and the first person to reach that goal is the winner!

      The Game Master Rules use the same basic system, except that
      a GM runs the game, instead of it being randomly generated. A book
      provided with the game gives the beginning of a campaign, but
      players are free to generate any scenario they want.

      Some comments on the game…

      1.) Components: One thing that is very striking about this game
      is how much you get in such a small box! There are fifteen of the
      large interchangeable city tiles, which are good quality, and have
      nice artwork on them, as if the players are looking down inside the
      buildings that their characters are traversing. There are seventy
      disks included with the game, and they are fairly easy to tell
      apart, even though a lot of information is included on each one.
      There are six regenerated character cards, which are fairly thin,
      but I doubt that they'd see much play anyway. Six pewter figures
      are included with the game, which is bad for non-painters such as
      myself but a treat for those who like to paint. Ten dice are
      included with the game (are you listening, Steve Jackson?), as well
      as 32 character sheets for building your own characters. A
      rulebook, and a fairly thick sourcebook of scenarios and campaigns
      are all included. Everything fits pretty tightly into a small,
      sturdy box, and everything is covered with descriptive, dark artwork.

      2.) Rules: Here the praises aren't so many. I will grant that
      there are a lot of rules in a game like this. But some things were
      not clear, and indeed the game did not provide a step-by-step turn
      example, something that was sorely lacking. One thing I did not
      understand from the rules, for example, was what a "6 high" meant.
      Maybe others familiar with the system would understand, but I had to
      search the internet until I found this answer and several others.
      Once I knew the game, I was able to easily teach it to others, but
      the skill check system, while unique and excellent, takes a bit to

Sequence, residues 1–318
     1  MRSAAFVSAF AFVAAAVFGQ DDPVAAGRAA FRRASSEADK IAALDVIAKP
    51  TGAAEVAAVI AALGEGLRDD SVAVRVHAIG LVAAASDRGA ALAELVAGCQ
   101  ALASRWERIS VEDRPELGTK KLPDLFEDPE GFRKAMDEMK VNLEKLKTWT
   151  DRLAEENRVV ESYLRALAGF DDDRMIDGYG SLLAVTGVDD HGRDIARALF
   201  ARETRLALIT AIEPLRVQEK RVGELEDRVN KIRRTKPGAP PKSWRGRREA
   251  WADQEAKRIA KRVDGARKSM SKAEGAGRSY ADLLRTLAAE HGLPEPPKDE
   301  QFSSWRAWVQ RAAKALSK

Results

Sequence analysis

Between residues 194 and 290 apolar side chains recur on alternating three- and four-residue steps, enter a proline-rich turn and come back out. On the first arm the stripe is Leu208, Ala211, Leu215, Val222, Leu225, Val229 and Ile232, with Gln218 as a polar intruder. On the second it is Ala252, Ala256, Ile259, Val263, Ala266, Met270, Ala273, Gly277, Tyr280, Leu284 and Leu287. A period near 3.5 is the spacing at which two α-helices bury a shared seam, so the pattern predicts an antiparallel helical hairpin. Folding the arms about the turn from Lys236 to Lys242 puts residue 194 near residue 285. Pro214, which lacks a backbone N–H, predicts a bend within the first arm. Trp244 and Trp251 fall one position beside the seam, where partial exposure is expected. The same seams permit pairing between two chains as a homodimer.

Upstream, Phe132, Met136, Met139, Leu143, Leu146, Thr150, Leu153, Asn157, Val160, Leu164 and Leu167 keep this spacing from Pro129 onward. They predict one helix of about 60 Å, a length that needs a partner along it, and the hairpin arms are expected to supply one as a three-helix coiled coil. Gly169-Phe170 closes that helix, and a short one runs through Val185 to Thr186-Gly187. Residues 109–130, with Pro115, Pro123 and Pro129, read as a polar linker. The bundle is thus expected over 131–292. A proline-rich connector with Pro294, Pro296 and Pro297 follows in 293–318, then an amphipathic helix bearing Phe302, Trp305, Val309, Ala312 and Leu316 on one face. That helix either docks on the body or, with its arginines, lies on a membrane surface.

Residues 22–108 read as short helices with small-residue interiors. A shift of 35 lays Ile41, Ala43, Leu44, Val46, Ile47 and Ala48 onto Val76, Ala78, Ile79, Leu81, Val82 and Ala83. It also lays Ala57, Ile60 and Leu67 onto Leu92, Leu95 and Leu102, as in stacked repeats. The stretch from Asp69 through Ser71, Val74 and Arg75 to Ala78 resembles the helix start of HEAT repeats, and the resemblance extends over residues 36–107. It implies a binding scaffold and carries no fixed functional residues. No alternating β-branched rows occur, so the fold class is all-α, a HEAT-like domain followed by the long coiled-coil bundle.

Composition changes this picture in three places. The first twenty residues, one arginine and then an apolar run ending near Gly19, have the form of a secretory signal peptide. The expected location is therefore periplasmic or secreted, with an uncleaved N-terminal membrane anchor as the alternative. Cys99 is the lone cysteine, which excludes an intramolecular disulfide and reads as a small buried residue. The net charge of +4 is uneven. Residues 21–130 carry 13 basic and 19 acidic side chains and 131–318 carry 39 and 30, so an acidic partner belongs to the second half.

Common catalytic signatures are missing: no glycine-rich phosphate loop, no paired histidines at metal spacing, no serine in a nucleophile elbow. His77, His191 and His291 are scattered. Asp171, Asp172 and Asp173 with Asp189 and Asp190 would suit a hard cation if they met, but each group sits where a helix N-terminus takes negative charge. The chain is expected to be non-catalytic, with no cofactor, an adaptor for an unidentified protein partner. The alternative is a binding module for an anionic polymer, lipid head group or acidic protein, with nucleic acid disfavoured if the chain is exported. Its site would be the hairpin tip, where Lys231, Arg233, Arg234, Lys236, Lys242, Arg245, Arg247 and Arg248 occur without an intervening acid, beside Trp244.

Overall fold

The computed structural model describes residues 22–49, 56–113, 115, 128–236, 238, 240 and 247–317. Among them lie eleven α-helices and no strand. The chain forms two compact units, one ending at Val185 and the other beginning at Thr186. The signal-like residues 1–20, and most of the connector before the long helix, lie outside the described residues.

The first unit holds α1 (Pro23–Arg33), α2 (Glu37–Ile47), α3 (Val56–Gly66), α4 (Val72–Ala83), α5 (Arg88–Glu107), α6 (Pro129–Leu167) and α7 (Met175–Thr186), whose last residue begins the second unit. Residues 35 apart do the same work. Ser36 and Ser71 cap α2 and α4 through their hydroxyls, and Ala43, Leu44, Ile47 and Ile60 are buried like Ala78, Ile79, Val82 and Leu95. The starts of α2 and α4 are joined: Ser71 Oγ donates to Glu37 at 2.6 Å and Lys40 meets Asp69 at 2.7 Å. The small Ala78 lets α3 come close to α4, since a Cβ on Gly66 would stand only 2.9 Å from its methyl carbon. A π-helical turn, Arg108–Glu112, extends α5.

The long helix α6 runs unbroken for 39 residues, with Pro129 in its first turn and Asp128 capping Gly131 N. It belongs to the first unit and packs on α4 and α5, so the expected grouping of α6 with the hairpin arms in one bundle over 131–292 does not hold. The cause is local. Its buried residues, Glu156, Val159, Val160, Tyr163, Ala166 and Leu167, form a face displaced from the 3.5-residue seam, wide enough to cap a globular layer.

get used to. And I still think that you shouldn't have to check the
      internet to figure out how to play the game.

      3.) Sourcebook: When Darkness Comes is obviously modeling
      itself after RPGs, and therefore the sourcebook is fairly detailed,
      with stories, drawings, and a lot of information. I found it very
      useful when playing the game, but I wouldn't have minded if they had
      combined the sourcebook and rulebook.

      4.) Expansions: There are at least four expansions for the game
      on the market currently. The praise for these, while coming from
      fans of the game, is high, and they say that the expansions make the
      game a lot better. I haven't played any of these expansions, but if
      you are the type of person who wants to have EVERYTHING from a game,
      realize that you'll be buying a lot, and will have a lot of material
      to choose from.

      5.) Game, or GM?: We enjoyed the game, but it felt a little
      too random to us. Also, many of the skills used in the basic game
      translate to the same thing. For example, the skills Threaten,
      Bargain, Bribe, Beg, Bluff, Flirt, and Leadership are all almost
      identical in their benefits. In a GM run game, the game master can
      change them and make some of them better in certain situations. In
      the regular game, a bit of the flavor is lost. I prefer the GM
      game, because it feels like the whole system runs a little better
      that way.

      6.) Theme: The theme is very, very dark. Not as dark as other
      RPGs I have heard about, but it certainly doesn't have much of a
      lighthearted feel to it, like Zombies! did. Some people revel in
      dark themes such as this. I prefer lighter, fantasy or space-themed
      games like Space Hulk or Heroquest.

      7.) Fun Factor: The skill system adds a lot of fun to the
      game. Also, in the regular game, the uncertainty when flipping over
      a disk adds a lot of tension and fun. Combat is very difficult, so
      when a monster is killed, players get a lot of satisfaction, and the
      whole experience is quite enjoyable.

      I will recommend this game, but only if you are an RPG fan,
      especially those of the horror genre. I find RPGs fun, and really
      enjoyed the system included in this game. And, the value of what
      you get in the box is incredible, as the components are worth the
      price alone. Alas, if only the rules were better written, and the
      theme a little lighter, this game could become a classic. As it
      stands now, the game will become a classic, but only with a select
      group, and I don't think it will be pulled out at my gaming night –
      mostly because the theme is too dark.

      Tom Vasel